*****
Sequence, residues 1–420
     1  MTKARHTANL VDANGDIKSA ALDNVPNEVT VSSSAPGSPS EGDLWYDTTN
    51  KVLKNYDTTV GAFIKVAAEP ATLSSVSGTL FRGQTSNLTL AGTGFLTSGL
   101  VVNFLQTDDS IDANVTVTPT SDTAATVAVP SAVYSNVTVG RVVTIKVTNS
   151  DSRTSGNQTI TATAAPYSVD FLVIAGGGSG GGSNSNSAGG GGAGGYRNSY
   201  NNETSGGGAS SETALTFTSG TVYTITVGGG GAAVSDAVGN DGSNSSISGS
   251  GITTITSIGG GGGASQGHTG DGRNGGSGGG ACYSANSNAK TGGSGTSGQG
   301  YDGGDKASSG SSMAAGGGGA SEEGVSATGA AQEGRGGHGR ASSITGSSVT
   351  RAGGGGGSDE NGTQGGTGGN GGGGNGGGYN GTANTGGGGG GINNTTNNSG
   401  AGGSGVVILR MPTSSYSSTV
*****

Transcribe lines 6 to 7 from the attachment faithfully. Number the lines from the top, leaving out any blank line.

   201  NNETSGGGAS SETALTFTSG TVYTITVGGG GAAVSDAVGN DGSNSSISGS
   251  GITTITSIGG GGGASQGHTG DGRNGGSGGG ACYSANSNAK TGGSGTSGQG